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Kruszka, P, Porras, AR, Sobering, AK, Ikolo, FA, La Qua, S, Shotelersuk, V, Chung, BHY, Mok, GTK, Uwineza, A, Mutesa, L, Moresco, A, Obregon, MG, Sokunbi, OJ, Kalu, N, Joseph, DA, Ikebudu, D, Ugwu, CE, Okoromah, CAN, Addissie, YA, Pardo, KL, Brough, JJ, Lee, NC, Girisha, KM, Patil, SJ, Ng, ISL, Min, BCW, Jamuar, SS, Tibrewal, S, Wallang, B, Ganesh, S, Sirisena, ND, Dissanayake, VHW, Paththinige, CS, Prabodha, LBL, Richieri-Costa, A, Muthukumarasamy, P, Thong, MK, Jones, KL, Abdul-Rahman, OA, Ekure, EN, Adeyemo, AA, Summar, M, Linguraru, MG & Muenke, M 2017, 'Down syndrome in diverse populations', American Journal of Medical Genetics, Part A, vol. 173, no. 1, pp. 42-53. https://doi.org/10.1002/ajmg.a.38043

Down syndrome in diverse populations. / Kruszka, Paul; Porras, Antonio R.; Sobering, Andrew K.; Ikolo, Felicia A.; La Qua, Samantha; Shotelersuk, Vorasuk; Chung, Brian H.Y.; Mok, Gary T.K.; Uwineza, Annette; Mutesa, Leon; Moresco, Angélica; Obregon, María Gabriela; Sokunbi, Ogochukwu Jidechukwu; Kalu, Nnenna; Joseph, Daniel Akinsanya; Ikebudu, Desmond; Ugwu, Christopher Emeka; Okoromah, Christy A.N.; Addissie, Yonit A.; Pardo, Katherine L.; Brough, J. Joseph; Lee, Ni Chung; Girisha, Katta M.; Patil, Siddaramappa Jagdish; Ng, Ivy S.L.; Min, Breana Cham Wen; Jamuar, Saumya S.; Tibrewal, Shailja; Wallang, Batriti; Ganesh, Suma; Sirisena, Nirmala D.; Dissanayake, Vajira H.W.; Paththinige, C. Sampath; Prabodha, L. B.Lahiru; Richieri-Costa, Antonio; Muthukumarasamy, Premala; Thong, Meow Keong; Jones, Kelly L.; Abdul-Rahman, Omar A.; Ekure, Ekanem Nsikak; Adeyemo, Adebowale A.; Summar, Marshall; Linguraru, Marius George; Muenke, Maximilian.

In: American Journal of Medical Genetics, Part A, Vol. 173, No. 1, 01.01.2017, p. 42-53.

Research output: Contribution to journalArticle

TY - JOUR

T1 - Down syndrome in diverse populations

AU - Kruszka, Paul

AU - Porras, Antonio R.

AU - Sobering, Andrew K.

AU - Ikolo, Felicia A.

AU - La Qua, Samantha

AU - Shotelersuk, Vorasuk

AU - Chung, Brian H.Y.

AU - Mok, Gary T.K.

AU - Uwineza, Annette

AU - Mutesa, Leon

AU - Moresco, Angélica

AU - Obregon, María Gabriela

AU - Sokunbi, Ogochukwu Jidechukwu

AU - Kalu, Nnenna

AU - Joseph, Daniel Akinsanya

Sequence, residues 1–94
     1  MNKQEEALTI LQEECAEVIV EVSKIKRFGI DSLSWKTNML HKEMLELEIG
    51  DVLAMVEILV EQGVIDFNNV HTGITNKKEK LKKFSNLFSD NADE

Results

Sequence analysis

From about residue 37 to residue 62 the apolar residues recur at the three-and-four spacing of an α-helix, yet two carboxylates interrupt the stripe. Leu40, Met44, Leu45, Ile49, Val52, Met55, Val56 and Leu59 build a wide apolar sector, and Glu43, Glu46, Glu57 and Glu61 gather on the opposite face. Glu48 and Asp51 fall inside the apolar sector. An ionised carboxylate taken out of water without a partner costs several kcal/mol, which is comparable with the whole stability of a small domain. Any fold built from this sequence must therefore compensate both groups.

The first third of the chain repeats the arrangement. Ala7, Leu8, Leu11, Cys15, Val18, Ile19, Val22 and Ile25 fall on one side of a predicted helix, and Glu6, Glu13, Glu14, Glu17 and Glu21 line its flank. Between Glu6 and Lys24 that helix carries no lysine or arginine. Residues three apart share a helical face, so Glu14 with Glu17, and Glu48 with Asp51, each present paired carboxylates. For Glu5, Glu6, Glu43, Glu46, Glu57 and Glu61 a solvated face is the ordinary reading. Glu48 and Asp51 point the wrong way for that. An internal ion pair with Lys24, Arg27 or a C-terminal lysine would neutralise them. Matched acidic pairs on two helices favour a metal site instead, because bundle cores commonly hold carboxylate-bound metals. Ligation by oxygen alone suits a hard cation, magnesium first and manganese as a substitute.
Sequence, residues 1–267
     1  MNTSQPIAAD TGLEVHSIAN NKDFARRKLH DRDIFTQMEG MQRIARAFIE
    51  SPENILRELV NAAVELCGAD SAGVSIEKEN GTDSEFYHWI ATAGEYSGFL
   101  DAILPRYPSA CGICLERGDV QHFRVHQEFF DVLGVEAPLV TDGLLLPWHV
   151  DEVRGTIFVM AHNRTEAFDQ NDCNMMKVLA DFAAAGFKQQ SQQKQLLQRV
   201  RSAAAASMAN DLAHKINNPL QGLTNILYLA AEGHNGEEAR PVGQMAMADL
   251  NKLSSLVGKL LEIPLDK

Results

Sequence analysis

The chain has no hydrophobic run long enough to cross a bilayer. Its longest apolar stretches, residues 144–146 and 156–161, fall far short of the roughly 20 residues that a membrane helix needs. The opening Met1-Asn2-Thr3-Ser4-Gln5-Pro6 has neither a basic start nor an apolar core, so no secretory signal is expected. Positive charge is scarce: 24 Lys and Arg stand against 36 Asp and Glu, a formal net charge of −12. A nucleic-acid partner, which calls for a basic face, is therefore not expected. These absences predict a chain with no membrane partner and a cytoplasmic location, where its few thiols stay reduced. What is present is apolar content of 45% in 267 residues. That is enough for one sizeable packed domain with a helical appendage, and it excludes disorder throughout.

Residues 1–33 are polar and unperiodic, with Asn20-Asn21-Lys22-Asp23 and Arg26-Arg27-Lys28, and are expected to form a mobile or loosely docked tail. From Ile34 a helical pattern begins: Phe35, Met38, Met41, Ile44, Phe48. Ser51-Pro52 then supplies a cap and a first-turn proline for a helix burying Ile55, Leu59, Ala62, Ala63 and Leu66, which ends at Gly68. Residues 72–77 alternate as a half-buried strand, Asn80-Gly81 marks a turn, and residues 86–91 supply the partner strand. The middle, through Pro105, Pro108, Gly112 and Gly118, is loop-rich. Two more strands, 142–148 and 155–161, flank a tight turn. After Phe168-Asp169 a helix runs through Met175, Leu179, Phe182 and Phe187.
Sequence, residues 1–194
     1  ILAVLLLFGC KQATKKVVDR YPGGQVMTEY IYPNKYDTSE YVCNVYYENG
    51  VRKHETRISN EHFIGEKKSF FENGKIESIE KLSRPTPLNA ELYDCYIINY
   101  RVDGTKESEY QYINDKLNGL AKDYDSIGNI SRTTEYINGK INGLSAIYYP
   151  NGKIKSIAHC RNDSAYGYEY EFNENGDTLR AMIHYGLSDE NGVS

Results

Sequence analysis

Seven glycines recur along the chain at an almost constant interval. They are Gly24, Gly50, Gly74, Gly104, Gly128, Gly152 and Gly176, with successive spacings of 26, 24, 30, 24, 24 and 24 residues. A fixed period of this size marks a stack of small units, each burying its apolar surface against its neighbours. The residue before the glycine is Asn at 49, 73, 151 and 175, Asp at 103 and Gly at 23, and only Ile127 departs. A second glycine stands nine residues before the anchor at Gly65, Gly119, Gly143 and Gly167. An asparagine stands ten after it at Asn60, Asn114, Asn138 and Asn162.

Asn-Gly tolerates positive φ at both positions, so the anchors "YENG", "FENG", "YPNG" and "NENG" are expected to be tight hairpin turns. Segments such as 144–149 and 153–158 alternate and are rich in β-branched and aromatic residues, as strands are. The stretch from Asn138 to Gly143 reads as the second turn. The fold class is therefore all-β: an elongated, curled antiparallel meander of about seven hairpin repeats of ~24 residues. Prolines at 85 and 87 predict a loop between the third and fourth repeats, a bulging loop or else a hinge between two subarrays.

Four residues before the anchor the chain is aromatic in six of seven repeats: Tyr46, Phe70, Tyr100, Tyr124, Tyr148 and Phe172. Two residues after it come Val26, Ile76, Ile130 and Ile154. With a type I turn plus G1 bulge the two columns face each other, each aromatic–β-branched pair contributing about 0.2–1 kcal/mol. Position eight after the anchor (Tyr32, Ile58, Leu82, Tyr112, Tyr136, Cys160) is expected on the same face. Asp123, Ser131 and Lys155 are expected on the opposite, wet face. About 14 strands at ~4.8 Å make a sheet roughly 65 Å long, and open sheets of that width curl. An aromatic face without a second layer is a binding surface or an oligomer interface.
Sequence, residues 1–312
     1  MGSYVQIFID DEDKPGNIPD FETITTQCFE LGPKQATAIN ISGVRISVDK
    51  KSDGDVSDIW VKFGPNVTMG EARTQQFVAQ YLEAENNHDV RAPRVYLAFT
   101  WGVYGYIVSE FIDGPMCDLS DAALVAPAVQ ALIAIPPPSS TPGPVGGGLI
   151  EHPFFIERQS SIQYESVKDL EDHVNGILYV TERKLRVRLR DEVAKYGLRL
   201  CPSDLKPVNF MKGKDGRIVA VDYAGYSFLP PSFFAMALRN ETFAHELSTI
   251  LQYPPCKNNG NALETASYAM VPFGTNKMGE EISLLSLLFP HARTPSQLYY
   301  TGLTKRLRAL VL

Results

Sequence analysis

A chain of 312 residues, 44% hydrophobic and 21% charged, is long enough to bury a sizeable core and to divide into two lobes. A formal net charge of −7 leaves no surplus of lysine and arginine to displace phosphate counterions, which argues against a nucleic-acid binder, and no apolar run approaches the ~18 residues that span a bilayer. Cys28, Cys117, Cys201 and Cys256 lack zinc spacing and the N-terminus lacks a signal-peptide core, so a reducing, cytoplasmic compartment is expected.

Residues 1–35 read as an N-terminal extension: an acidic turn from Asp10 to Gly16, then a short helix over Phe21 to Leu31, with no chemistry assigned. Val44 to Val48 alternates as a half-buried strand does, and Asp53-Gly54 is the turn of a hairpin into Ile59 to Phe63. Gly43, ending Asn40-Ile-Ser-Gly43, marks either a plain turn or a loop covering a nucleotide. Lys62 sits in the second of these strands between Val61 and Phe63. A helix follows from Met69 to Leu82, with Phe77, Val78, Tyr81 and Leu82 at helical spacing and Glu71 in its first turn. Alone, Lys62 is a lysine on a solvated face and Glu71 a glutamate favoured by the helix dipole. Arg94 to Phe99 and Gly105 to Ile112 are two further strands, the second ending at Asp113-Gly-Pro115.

AU - Ikebudu, Desmond

AU - Ugwu, Christopher Emeka

AU - Okoromah, Christy A.N.

AU - Addissie, Yonit A.

AU - Pardo, Katherine L.

AU - Brough, J. Joseph

AU - Lee, Ni Chung

AU - Girisha, Katta M.

AU - Patil, Siddaramappa Jagdish

AU - Ng, Ivy S.L.

AU - Min, Breana Cham Wen

AU - Jamuar, Saumya S.

AU - Tibrewal, Shailja

AU - Wallang, Batriti

AU - Ganesh, Suma

AU - Sirisena, Nirmala D.

AU - Dissanayake, Vajira H.W.

AU - Paththinige, C. Sampath

AU - Prabodha, L. B.Lahiru

AU - Richieri-Costa, Antonio

AU - Muthukumarasamy, Premala

AU - Thong, Meow Keong

AU - Jones, Kelly L.

AU - Abdul-Rahman, Omar A.

AU - Ekure, Ekanem Nsikak

AU - Adeyemo, Adebowale A.

AU - Summar, Marshall

AU - Linguraru, Marius George

AU - Muenke, Maximilian

PY - 2017/1/1

Y1 - 2017/1/1

N2 - Down syndrome is the most common cause of cognitive impairment and presents clinically with universally recognizable signs and symptoms. In this study, we focus on exam findings and digital facial analysis technology in individuals with Down syndrome in diverse populations. Photos and clinical information were collected on 65 individuals from 13 countries, 56.9% were male and the average age was 6.6 years (range 1 month to 26 years; SD = 6.6 years). Subjective findings showed that clinical features were different across ethnicities (Africans, Asians, and Latin Americans), including brachycephaly, ear anomalies, clinodactyly, sandal gap, and abundant neck skin, which were all significantly less frequent in Africans (P < 0.001, P < 0.001, P < 0.001, P < 0.05, and P < 0.05, respectively). Evaluation using a digital facial analysis technology of a larger diverse cohort of newborns to adults (n = 129 cases; n = 132 controls) was able to diagnose Down syndrome with a sensitivity of 0.961, specificity of 0.924, and accuracy of 0.943. Only the angles at medial canthus and ala of the nose were common significant findings amongst different ethnicities (Caucasians, Africans, and Asians) when compared to ethnically matched controls. The Asian group had the least number of significant digital facial biometrics at 4, compared to Caucasians at 8 and Africans at 7. In conclusion, this study displays the wide variety of findings across different geographic populations in Down syndrome and demonstrates the accuracy and promise of digital facial analysis technology in the diagnosis of Down syndrome internationally.

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Kruszka P, Porras AR, Sobering AK, Ikolo FA, La Qua S, Shotelersuk V et al. Down syndrome in diverse populations. American Journal of Medical Genetics, Part A. 2017 Jan 1;173(1):42-53. https://doi.org/10.1002/ajmg.a.38043